Injured Driver Must Prove Livestock Owner Failed to Use Ordinary Care

July 7, 2023 | Kitt Tovar Jensen

A semi-truck collided with a cow standing on the interstate. The driver brought a negligence lawsuit against the livestock owner claiming that he suffered personal injuries and property damage. The district court determined that the driver failed to prove that the livestock owner breached a duty of care. On appeal, the court affirmed that there was insufficient evidence that the owner failed to use ordinary care to constrain the animal.

Livestock Owners’ Duty of Care

To prove negligence, the proponent must show that the defendant owed a duty of care, the defendant breached that duty, the breach caused the proponent’s injuries, and damages resulted. See Thompson v. Kaczinski, 774 N.W.2d 829, 834 (Iowa 2009). The driver argued that because the cow was loose on the highway, the livestock owner breached his duty of care.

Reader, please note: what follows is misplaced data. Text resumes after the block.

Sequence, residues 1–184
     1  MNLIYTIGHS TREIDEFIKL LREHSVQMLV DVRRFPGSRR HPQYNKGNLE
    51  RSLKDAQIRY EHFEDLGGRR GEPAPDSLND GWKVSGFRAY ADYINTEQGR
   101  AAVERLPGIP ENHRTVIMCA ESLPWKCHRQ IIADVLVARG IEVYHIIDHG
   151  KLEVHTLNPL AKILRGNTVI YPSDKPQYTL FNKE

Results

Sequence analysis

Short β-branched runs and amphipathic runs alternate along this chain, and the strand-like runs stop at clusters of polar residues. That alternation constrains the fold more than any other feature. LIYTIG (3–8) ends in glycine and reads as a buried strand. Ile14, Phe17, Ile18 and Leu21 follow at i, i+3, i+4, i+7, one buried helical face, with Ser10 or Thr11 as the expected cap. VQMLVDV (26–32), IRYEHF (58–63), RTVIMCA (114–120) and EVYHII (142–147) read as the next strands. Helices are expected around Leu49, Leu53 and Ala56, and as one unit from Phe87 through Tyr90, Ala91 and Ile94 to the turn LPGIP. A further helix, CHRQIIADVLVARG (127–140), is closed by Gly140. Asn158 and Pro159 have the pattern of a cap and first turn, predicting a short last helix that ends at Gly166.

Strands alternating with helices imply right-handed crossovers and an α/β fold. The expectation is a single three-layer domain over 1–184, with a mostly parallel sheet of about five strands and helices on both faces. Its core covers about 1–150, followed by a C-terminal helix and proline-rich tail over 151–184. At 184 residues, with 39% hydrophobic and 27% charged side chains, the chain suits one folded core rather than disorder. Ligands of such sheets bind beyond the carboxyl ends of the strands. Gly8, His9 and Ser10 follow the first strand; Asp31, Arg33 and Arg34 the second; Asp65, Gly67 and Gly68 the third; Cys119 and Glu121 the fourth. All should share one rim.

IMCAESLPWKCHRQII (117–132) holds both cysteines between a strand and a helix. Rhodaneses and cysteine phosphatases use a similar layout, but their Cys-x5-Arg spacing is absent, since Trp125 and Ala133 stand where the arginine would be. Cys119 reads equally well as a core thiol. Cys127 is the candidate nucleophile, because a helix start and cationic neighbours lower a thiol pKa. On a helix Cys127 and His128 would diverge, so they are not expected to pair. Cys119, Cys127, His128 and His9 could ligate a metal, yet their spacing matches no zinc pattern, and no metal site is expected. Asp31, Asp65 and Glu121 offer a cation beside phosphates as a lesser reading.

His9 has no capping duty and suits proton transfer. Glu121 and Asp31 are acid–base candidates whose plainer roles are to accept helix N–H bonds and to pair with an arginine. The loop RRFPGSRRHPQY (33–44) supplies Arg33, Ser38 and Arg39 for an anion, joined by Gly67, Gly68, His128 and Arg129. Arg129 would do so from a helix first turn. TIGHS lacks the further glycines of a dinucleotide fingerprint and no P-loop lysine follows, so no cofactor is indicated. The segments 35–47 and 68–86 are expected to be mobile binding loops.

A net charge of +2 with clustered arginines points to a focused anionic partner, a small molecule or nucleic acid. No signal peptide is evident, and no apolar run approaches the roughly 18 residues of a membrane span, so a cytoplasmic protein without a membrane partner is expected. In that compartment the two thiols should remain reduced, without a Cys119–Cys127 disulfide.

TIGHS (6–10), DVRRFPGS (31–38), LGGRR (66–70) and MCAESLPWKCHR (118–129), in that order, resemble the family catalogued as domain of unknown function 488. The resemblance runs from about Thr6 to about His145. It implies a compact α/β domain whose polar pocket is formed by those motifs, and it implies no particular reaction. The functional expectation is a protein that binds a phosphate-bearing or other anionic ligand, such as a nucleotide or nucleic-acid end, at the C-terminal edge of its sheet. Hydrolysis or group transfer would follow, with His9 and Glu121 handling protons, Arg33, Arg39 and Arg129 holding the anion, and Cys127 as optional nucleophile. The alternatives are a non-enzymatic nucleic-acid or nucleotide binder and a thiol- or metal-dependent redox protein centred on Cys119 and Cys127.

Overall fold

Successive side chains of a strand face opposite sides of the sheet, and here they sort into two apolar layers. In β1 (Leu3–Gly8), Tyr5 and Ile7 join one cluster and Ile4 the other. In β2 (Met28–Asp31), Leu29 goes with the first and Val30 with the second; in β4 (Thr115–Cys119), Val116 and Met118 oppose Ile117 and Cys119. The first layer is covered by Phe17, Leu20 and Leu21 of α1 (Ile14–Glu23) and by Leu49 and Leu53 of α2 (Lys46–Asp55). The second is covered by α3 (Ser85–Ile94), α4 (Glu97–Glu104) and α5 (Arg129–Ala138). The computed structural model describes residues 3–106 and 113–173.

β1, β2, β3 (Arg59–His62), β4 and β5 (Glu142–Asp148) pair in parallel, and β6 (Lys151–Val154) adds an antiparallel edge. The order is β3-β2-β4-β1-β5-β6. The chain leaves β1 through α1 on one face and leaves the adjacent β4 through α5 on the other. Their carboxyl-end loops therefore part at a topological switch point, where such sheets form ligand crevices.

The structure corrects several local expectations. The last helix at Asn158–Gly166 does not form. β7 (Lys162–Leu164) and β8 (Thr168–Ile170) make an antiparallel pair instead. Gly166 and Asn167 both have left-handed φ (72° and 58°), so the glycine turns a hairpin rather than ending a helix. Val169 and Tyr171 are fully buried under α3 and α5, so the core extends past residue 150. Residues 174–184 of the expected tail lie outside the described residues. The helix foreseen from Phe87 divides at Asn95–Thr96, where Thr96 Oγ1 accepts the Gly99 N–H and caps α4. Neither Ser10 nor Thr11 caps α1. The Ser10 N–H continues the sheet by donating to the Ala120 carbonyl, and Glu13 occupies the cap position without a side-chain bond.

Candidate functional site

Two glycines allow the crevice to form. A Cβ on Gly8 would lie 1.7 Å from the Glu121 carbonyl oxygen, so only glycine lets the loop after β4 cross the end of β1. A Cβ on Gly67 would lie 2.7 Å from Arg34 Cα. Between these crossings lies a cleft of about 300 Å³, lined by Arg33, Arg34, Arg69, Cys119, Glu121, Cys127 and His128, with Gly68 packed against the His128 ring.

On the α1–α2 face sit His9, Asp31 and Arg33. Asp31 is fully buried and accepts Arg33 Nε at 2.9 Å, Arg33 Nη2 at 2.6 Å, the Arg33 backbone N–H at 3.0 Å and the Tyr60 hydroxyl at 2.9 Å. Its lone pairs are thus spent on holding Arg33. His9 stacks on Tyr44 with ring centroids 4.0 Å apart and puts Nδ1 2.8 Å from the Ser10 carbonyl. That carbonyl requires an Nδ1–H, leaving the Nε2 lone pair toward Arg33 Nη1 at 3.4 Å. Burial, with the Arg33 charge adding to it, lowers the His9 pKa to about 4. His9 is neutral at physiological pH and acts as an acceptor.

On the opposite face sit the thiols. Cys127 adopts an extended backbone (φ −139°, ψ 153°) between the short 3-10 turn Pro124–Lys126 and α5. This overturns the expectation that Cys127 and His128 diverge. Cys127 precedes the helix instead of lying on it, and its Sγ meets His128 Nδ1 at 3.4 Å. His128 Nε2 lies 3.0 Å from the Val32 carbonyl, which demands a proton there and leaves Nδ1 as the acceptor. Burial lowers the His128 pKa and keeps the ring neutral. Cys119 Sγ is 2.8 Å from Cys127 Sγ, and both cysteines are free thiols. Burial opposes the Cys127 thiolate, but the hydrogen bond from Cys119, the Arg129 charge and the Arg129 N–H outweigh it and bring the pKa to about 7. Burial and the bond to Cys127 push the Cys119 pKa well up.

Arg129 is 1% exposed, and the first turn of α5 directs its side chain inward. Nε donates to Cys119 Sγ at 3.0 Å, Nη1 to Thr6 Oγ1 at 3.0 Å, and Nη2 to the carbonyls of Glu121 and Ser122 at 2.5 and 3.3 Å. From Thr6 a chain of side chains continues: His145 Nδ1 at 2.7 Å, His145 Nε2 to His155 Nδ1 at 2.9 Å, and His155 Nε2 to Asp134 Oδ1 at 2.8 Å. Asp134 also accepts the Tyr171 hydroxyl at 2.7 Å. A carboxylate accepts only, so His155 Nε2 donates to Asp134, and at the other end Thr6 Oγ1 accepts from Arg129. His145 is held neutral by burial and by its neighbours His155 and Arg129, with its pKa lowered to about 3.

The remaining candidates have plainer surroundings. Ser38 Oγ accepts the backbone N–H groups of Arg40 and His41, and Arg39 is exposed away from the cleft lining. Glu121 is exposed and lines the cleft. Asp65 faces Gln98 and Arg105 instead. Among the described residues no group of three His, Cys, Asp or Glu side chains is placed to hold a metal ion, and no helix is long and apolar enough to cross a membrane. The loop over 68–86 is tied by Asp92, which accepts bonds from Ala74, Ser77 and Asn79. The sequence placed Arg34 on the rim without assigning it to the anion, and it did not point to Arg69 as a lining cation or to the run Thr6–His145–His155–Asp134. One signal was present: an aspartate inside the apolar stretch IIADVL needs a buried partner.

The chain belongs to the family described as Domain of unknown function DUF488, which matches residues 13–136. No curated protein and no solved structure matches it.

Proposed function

Iowa no longer imposes a statutory duty on livestock owners to fence in their livestock. See 1994 Iowa Acts ch. 1173, § 42(1) (repealing Iowa Code ch. 169B). However, livestock owners must exercise ordinary care to restrain their animals to prevent foreseeable injury. The court noted that imposing a duty to restrain livestock from entering the road under any circumstances would essentially apply a strict liability standard. The burden was upon the driver to prove negligence. Here, the driver did not provide any evidence of a breach of the duty of reasonable care. He submitted no evidence of broken fencing in need of repair or any other evidence of how the owner failed to exercise ordinary care to restrain the animal. 

Doctrine of Res Ipsa Loquitur

The driver next argued that under the doctrine of res ipsa loquitur, the livestock owner’s negligence spoke for itself because a cow unattended on the highways demonstrated that the animal was not properly confined. The court rejected this argument because “a cow may come to be on a roadway without any act of negligence necessarily bringing it there.” As a result, the Court of Appeals affirmed the dismissal of the negligence action.